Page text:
If you have not filed a 2019 return, you can do it for free via the IRS Free File Program. If you haven’t already filed a 2018 or 2019 return, or the IRS doesn’t have your direct deposit information, you’ve moved, or you’ve gotten divorced since you last filed, using the IRS Free File program is the fastest and most reliable way to ensure you receive your coronavirus stimulus payment.
The Internal Revenue service is working on creating a Web portal that you can use to transmit your direct deposit information to them. It should be live in the coming weeks. Once they have your account information, they can send your coronavirus stimulus payment via ACH. It will still be faster than issuing a paper check – and much less expensive for the government.
Social Security recipients are eligible. They will not have to file a tax return to get this payment if they are not normally required to file, according to the IRS, in a policy reversal announced last week.
The IRS will use existing SSA-1099 and RRB-1099 forms to process payments. If a bank account is on file, these retirees will receive a direct deposit. Otherwise, the IRS will send a paper check – though at a later date.
“We want to ensure that our senior citizens, individuals with disabilities, and low-income Americans receive Economic Impact Payments quickly and without undue burden,” said Treasury Secretary Steven Mnuchin. “Social Security recipients who are not typically required to file a tax return need to take no action, and will receive their payment directly to their bank account.”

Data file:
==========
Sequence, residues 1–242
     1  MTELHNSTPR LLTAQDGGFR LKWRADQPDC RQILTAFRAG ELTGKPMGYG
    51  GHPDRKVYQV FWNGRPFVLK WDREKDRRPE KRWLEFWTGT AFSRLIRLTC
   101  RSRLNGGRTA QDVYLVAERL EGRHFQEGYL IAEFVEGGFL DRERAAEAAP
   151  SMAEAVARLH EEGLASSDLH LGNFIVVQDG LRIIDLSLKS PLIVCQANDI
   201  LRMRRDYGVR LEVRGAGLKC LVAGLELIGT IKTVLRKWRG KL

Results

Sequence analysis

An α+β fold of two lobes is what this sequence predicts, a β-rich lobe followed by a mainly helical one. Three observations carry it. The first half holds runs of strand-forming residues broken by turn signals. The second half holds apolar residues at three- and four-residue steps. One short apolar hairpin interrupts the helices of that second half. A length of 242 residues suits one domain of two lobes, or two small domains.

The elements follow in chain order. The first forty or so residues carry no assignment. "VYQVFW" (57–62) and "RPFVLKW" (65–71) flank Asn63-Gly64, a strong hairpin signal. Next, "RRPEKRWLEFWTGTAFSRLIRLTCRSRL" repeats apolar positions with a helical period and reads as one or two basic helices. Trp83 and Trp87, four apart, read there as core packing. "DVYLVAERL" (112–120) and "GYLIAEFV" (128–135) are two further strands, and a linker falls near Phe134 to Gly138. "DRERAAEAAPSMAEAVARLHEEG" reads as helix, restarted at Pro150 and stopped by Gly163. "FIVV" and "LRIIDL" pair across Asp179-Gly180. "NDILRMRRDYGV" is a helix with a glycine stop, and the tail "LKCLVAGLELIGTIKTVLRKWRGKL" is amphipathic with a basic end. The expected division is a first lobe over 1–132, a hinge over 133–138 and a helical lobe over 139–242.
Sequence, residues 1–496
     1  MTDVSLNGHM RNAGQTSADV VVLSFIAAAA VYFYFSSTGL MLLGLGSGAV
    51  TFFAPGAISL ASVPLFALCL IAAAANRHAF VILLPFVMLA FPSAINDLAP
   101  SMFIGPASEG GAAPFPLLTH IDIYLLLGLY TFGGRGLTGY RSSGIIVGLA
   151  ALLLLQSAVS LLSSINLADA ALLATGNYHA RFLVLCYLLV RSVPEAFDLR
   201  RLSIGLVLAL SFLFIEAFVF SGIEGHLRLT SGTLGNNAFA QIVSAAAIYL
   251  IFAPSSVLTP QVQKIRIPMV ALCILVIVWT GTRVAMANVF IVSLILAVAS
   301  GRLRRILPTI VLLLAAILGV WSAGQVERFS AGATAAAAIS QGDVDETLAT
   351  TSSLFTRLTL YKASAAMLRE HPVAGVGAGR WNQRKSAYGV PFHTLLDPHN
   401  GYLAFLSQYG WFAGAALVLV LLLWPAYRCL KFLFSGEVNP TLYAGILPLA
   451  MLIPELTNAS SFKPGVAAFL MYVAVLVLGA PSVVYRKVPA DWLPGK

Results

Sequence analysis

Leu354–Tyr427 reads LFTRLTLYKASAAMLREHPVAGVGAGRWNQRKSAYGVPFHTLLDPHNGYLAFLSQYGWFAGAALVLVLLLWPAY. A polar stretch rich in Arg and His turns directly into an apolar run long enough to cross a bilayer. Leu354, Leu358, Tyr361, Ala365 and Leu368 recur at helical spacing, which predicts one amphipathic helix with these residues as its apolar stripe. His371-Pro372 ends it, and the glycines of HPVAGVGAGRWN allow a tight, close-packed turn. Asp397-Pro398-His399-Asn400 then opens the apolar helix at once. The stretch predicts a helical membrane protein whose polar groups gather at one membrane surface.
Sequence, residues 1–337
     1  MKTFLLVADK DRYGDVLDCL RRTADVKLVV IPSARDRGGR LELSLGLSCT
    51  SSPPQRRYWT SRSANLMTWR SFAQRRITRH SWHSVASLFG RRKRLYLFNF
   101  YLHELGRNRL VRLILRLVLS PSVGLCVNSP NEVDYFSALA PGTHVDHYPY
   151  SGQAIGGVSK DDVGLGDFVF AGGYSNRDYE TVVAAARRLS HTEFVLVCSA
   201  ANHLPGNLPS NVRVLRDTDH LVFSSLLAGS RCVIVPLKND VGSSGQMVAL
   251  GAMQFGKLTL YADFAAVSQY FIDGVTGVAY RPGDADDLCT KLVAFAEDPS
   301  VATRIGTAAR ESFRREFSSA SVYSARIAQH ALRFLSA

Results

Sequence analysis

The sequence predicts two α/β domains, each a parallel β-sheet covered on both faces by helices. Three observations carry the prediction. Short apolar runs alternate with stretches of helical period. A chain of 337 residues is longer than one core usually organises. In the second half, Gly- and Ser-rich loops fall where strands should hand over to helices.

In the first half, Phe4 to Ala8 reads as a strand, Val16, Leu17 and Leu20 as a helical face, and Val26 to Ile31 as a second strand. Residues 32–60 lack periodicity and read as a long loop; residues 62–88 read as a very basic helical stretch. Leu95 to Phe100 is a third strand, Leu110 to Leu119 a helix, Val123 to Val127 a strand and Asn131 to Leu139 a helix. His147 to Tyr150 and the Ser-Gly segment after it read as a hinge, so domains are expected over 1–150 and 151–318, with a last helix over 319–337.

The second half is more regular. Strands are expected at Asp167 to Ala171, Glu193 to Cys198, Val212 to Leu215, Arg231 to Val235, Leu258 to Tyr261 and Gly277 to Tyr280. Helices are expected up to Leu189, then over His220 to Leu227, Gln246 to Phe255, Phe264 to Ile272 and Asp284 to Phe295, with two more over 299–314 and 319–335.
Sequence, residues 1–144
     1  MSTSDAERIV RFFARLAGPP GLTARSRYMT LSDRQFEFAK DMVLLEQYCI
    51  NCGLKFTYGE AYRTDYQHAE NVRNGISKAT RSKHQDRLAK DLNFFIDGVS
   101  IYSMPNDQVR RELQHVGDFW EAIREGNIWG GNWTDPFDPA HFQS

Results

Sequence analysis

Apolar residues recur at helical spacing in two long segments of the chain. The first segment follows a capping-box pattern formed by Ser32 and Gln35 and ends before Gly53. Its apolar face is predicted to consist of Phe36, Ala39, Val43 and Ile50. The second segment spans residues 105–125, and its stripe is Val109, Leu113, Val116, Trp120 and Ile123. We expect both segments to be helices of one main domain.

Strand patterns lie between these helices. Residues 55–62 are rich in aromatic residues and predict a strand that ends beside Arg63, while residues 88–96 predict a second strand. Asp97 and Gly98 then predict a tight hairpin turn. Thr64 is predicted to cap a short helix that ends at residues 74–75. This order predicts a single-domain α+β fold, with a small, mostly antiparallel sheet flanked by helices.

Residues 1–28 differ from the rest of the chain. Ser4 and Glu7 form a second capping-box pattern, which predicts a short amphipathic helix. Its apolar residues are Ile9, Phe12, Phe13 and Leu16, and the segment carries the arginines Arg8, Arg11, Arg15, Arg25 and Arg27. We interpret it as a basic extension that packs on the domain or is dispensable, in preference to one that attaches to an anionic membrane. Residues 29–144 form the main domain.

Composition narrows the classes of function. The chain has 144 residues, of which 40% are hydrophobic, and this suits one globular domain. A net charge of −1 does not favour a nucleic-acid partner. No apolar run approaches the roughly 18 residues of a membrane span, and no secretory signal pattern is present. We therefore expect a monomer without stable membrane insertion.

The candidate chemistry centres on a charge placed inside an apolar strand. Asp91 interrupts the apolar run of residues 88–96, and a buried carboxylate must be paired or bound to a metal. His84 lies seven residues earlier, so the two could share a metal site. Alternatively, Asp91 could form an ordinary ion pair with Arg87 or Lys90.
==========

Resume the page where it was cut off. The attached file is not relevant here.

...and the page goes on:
Note: that if you are a Social Security or Railroad Retirement beneficiary and not required to file taxes, and you have minor children as dependents or living with you, the IRS will have no way of knowing about these children. You would therefore not receive the additional payment of $500 per child – just the $1,200 payment for singles and widow(er)s or the $1,200 for married couples, assuming your income does not exceed the threshold for the maximum payment.
No. These payments do not count as taxable income. They will not contribute to, or trigger taxes on Social Security income, or cause any other negative tax consequence.
According to the Social Security Administration, Economic Impact Payments received will not cause a problem for Supplemental Security Income (SSI) recipients. The Social Security Administration will not count such payments as income. They will also not be counted as assets for one year.
This was a major concern among disabled individuals, their guardians and advocates. The fear was that if they received an Economic Impact Payment directly, it would count as income or an asset – and therefore render them ineligible for other means-tested government benefits such as food assistance or Medicaid.